A look at the film ’28 Days’ directed by Betty Thomas.
I think it’s within our nature, as human beings, to find ways of messing ourselves up in horrible ways and then pretend like we enjoy it.
I can’t think of a single other instance where another species creates or partakes in the ingestion, injection or inhalation of unusual substances in order to make them feel a little better about themselves.
The only example I can come close to is cats with their catnip, but even that is something usually only possible because we humans have made sure to sprinkle some down for the cat so we can watch it go all googly-eyed and soggy-brained for an hour while it licks the carpet and tries to walk on its head.
My drug of choice is chocolate. It tastes good, has a variety of ways it can come and makes me feel a little bit of comfort. it might stop me rediscovering my long-forgotten waistline but aside from that, it doesn’t have any other impairment, leaving me clear headed and coherent to function for day-to-day activities and without producing carcinogenic fumes that will affect to anybody around me.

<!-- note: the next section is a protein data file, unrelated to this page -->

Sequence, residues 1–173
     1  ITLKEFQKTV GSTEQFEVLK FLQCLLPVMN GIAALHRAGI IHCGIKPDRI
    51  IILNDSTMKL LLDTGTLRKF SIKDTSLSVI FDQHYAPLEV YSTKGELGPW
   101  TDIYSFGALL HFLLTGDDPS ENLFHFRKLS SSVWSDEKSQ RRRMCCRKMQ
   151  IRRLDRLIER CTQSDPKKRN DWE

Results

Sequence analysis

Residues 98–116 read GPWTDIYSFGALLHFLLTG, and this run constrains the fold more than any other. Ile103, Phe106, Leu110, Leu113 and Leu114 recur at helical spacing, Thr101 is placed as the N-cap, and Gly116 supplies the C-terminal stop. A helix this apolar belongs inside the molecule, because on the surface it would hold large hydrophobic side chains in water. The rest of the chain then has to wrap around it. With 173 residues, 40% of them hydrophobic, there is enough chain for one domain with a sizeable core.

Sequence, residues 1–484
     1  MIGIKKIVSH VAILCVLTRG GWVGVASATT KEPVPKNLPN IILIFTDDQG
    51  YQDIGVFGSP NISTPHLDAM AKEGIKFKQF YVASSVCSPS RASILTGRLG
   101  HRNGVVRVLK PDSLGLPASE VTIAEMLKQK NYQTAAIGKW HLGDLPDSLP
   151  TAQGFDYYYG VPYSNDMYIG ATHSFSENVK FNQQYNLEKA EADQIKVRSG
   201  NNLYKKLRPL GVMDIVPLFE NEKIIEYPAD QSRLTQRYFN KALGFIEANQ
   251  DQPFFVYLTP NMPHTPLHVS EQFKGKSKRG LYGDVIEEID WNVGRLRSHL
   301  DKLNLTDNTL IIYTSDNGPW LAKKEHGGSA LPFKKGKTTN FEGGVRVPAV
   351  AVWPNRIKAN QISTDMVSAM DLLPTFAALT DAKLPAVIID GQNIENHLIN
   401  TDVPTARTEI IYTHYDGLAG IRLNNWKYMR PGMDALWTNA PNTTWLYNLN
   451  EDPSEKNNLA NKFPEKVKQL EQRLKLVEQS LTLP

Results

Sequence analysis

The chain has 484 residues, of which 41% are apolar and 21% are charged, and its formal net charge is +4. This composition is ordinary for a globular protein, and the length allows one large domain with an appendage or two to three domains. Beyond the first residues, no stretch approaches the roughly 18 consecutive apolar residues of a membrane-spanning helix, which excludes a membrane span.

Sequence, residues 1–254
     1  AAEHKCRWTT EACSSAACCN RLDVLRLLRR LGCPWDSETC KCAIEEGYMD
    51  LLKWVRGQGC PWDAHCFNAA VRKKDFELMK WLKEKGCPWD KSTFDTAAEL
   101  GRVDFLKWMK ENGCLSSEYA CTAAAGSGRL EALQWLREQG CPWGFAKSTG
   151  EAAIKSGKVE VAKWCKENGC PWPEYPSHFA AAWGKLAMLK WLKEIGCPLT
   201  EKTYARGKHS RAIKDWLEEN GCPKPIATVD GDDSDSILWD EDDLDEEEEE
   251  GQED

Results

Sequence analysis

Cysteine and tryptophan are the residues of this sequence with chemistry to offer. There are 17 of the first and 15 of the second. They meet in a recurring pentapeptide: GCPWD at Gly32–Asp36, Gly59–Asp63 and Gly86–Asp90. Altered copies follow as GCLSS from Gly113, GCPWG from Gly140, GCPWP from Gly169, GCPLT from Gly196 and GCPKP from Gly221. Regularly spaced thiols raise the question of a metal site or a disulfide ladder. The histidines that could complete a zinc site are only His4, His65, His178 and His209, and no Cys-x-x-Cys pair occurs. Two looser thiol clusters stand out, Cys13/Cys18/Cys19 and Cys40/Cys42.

But there are many who decide that something harder is required. Father Roy was one of them and after several years of battling an alcohol addiction with a few brief spells of drying out and trying to live normally, it finally beat him and he died as a result.
He may have thought his drinking to excess only mattered to him, that it had no further reach. Maybe he had forgotten what it was like trying to talk to someone who was drunk. The awful nonsensical slurring, that evil vodka-breath that could melt through titanium and that awful feeling you get that you’ll be obliged to help if they pass-out while you’re there with them.